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Well, isn't this generous of them. Defense contractors say they'd be perfectly willing to accept tax increases and entitlement cuts for others, as long as their bloated budgets aren't cut. They're hoping to avoid cuts to defense programs scheduled to go into effect at the end of the year under the budget deal Congress negotiated with the White House last year. If budget agreements aren't made this fall or in the lame duck session, automatic cuts will kick in, slashing defense as well as various domestic programs. What they really want is to push the pain off onto others.
A House Armed Services Committee hearing two weeks ago first exposed the rift. Under questioning from Rep. Rob Andrews (D-NJ), two major defense contractors acknowledged that the GOP’s refusal to consider higher revenues was not conducive to solving the looming budget crisis.

“I think everything’s gotta be on the table at this point, now,” said a reluctant David Hess, President of Pratt & Whitney — a subsidiary of United Technologies. [...]

“We’re not endorsing any particular bill out there or saying what tax or entitlement should be changed,” said Alexis Allen, spokeswoman for the Aerospace Industries Association, in a Thursday phone interview. “We do think that everything should be on the table at this point. We do need a solution. It’s really quite urgent at this point and we think Congress needs to do what it was elected to do.”

They've talked about tax hikes. They've talked about entitlement cuts, but defense cuts don't seem to be making it to their table. And yet, they receive praise from Democrat Andrews.
“I was very pleased with that answer,” Andrews told TPM in a hallway interview Thursday. “I think the defense leaders have been really public spirited and open-minded about this, and I think they’re acting very responsibly and I trust and hope that they will speak favorably about a balanced approach that includes revenue and spending cuts that neither side wants but that will avoid the sequester and reduce the deficit.”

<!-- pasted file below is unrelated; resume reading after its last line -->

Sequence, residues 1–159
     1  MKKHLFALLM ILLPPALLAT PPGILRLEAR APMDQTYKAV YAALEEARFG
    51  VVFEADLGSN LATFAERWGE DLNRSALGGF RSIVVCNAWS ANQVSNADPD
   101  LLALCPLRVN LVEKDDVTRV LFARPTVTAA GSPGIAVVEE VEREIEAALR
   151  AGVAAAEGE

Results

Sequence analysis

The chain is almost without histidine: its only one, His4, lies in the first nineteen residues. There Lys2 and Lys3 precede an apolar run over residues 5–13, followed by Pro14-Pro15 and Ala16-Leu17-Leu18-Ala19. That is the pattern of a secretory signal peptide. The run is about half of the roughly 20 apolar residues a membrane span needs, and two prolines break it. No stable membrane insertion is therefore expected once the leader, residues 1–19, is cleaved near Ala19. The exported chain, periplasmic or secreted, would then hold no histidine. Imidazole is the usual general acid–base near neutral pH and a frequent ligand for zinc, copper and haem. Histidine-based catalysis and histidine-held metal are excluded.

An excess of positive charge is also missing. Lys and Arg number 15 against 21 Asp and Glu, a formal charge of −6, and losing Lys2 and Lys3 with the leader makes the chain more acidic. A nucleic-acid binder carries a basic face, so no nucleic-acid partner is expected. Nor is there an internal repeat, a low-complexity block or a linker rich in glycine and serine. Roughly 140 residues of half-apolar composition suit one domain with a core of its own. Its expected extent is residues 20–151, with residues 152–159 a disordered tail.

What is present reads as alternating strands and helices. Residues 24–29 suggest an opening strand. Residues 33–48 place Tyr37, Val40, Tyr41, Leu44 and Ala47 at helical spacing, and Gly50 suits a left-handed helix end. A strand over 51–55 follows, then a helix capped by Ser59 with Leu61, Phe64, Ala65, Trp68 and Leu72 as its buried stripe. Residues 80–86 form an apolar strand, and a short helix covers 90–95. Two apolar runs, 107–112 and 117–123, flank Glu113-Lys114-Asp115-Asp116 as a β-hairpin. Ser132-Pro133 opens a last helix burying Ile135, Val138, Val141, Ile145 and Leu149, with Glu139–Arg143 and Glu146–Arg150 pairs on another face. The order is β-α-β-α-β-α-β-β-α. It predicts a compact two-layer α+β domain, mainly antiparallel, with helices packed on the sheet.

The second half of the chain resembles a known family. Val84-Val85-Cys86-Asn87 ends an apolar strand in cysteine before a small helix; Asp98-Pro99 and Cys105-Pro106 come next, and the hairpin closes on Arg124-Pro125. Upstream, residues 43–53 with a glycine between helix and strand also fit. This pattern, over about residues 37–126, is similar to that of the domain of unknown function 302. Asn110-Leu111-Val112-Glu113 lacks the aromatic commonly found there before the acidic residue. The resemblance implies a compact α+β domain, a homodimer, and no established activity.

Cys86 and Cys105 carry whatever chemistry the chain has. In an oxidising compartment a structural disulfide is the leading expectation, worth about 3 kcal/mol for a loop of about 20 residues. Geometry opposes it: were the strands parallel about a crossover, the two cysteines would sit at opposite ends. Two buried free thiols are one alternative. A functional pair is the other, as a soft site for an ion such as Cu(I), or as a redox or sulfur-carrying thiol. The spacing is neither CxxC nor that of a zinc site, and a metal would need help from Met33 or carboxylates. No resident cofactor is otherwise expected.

How can it be "public spirited" when they're offering up tax increases on other people and cuts to Social Security and Medicare in order to avoid deep defense cuts? That sounds more like passing the buck. And it's certainly not in tune with public opinion. Last winter, a CBS/NYT poll found overwhelming majorities calling for cutting military spending (52 percent) over cutting Social Security (13 percent) or Medicare (15 percent). Cutting defense spending is consistently supported by the public, as much as protecting seniors from benefit cuts is a priority.

It's fine that a traditionally Republican constituency is saying Republicans should be willing to raise taxes. But they sure as hell aren't in the running for citizen of the year because they're doing it to avoid the pain of cuts to their own budgets.

Originally posted to Joan McCarter on Tue Aug 07, 2012 at 07:34 AM PDT.

Also republished by Daily Kos.

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